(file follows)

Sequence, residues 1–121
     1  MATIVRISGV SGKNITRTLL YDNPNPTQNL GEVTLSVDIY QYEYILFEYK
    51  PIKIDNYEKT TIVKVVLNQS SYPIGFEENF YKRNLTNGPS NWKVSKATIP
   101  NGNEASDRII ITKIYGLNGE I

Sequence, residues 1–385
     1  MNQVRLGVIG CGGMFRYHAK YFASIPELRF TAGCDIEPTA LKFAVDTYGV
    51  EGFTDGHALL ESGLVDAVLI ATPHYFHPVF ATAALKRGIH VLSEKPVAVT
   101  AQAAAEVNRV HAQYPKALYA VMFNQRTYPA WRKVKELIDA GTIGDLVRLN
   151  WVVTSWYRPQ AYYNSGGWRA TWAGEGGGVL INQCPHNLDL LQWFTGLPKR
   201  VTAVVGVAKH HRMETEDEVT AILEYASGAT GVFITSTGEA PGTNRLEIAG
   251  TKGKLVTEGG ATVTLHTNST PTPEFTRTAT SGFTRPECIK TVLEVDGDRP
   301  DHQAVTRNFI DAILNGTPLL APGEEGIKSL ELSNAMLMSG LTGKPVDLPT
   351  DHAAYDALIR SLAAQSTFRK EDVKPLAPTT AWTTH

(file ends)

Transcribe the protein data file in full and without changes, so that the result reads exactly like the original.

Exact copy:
Sequence, residues 1–121
     1  MATIVRISGV SGKNITRTLL YDNPNPTQNL GEVTLSVDIY QYEYILFEYK
    51  PIKIDNYEKT TIVKVVLNQS SYPIGFEENF YKRNLTNGPS NWKVSKATIP
   101  NGNEASDRII ITKIYGLNGE I

Sequence, residues 1–385
     1  MNQVRLGVIG CGGMFRYHAK YFASIPELRF TAGCDIEPTA LKFAVDTYGV
    51  EGFTDGHALL ESGLVDAVLI ATPHYFHPVF ATAALKRGIH VLSEKPVAVT
   101  AQAAAEVNRV HAQYPKALYA VMFNQRTYPA WRKVKELIDA GTIGDLVRLN
   151  WVVTSWYRPQ AYYNSGGWRA TWAGEGGGVL INQCPHNLDL LQWFTGLPKR
   201  VTAVVGVAKH HRMETEDEVT AILEYASGAT GVFITSTGEA PGTNRLEIAG
   251  TKGKLVTEGG ATVTLHTNST PTPEFTRTAT SGFTRPECIK TVLEVDGDRP
   301  DHQAVTRNFI DAILNGTPLL APGEEGIKSL ELSNAMLMSG LTGKPVDLPT
   351  DHAAYDALIR SLAAQSTFRK EDVKPLAPTT AWTTH